Poem of the Week | February 19, 2018

This week, we are excited to offer a new poem by Brianna Noll. Noll is the author of The Price of Scarlet, selected by Lisa Williams as the inaugural poetry collection in the University Press of Kentucky’s New Poetry and Prose Series. She is Poetry Editor of The Account, which she helped found, and her poems have appeared in the Kenyon Review Online, The Georgia Review, 32 Poems, Prairie Schooner, Crazyhorse, and elsewhere. She lives in Los Angeles.

Woman and Incandescent Light Bulb, 60-Watt

When he painted the girl, he made her a woman:
longer neck, more defined cheekbones. (No woman would
sit for him.) He sat her right under the naked
bulb-interrogation of shadows. She couldn’t
not squint, so he painted her squinting. The portrait
took three days. He paid her in sandwiches and light
bulbs. But on the fourth day, he awoke to the taste
of struck match on his tongue. It lingered, sulfuric
demon, and then the electricity went out.
The girl knocked on his door–there was no bell–and she
was panicked, her face all furrow. She asked him what
tungsten tasted like. Like metal? Like blood? Like match?
He couldn’t be sure, but he feared it was like match.
The girl opened her mouth; her tongue was filament.
She closed her eyes; her mouth glowed incandescent light.
This made shadows of her woman-bones, persimmoned
the hollows of her woman-cheeks. The painter, dumb-
struck, wobbled and grayed. Well, he was the light maker;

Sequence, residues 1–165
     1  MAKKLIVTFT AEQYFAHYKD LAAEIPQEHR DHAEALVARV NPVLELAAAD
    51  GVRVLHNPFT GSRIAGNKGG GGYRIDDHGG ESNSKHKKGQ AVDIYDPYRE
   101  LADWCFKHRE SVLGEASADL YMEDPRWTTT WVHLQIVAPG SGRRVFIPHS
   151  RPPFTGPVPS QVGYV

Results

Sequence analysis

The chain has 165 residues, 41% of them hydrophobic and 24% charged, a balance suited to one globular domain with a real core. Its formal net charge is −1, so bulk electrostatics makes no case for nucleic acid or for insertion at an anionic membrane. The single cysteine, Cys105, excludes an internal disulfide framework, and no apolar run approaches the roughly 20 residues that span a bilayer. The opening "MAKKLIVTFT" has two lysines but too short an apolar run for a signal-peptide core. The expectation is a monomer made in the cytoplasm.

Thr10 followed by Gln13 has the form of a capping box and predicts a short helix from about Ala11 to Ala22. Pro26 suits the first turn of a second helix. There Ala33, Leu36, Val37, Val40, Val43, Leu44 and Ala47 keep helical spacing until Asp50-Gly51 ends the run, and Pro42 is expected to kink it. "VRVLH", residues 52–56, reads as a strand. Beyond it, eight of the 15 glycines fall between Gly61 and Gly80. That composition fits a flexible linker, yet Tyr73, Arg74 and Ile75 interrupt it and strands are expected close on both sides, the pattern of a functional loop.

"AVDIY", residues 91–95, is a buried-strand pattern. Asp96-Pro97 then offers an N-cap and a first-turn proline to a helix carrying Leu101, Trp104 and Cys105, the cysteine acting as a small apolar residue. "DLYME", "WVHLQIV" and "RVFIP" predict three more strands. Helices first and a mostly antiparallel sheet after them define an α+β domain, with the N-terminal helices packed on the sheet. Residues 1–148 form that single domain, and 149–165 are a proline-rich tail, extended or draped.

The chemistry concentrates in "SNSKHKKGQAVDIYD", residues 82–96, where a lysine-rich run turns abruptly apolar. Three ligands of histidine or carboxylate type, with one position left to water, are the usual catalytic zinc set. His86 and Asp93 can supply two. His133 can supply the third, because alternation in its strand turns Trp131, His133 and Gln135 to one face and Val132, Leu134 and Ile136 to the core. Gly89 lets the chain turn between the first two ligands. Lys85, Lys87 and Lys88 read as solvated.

he made the girl into light and shadow. But the
painting–it was gone. The painting was alchemy–
a conjuring, a substantive transformation.
There was no light but for the girl, the house gone dark.
Would she forever be a lantern, or would she
smolder and one day become pure sun? Who could say?
The painter hadn’t ever done like this before.
He worried for the girl, her head growing ever
hotter. He went to his basement studio, stretched
a canvas, then drew the girl again a woman,
the light bulb naked above her, but this time sketched
her pulling the off-chain. The painting was shadow
barely broken by light, a study in shading.
The girl had fallen asleep, but when she awoke
she found her mouth was once again a mouth, and her
body was once again a girl’s. Her woman-bones
and woman-cheeks would return, of course, in some years,
but she’d always miss the day she was a lantern.

Author’s Note:

This poem began as an experiment in syllabics. Each line measures twelve syllables, which was an arbitrary choice, but one that allowed me to write long, narrative lines. The regularity of the lines and stanzas, in the end, provided a stable foundation for an otherwise bizarre lyric narrative.
So why a girl that turns into a light and back again?
She embodies two obsessions of mine: the opportunities and limits of art, and the literalization of figurative language.
I think often of Book X of Plato’s Republic, where Socrates famously argues that poetry is too far removed from both truth and reason. And while I take issue with this as justification for excluding poets from the ideal city–a utopia that discourages emotion may be functional, but not particularly desirable–I do think he’s right that this is how poetry works, and if taken to a certain extreme, I think a poem becomes a distilled figure for imagination itself.
I wanted to write such a poem, and it felt necessary to approach it by yoking form and content. The poem is about a painter, the untruthful representation of his young subject, and the (absurd) consequences that follow. But I am also untruthful in my representation: the poem quickly departs from mimesis by the third stanza, where I begin to literalize the girl’s metonymic association with the light bulb in the painting. What’s the difference between making the girl into a woman and making her into a lantern? This might seem like a ridiculous question, but in the context of imagination it becomes a matter of degree. The painter makes her a woman, and I make her a lantern. Art allows us to do both.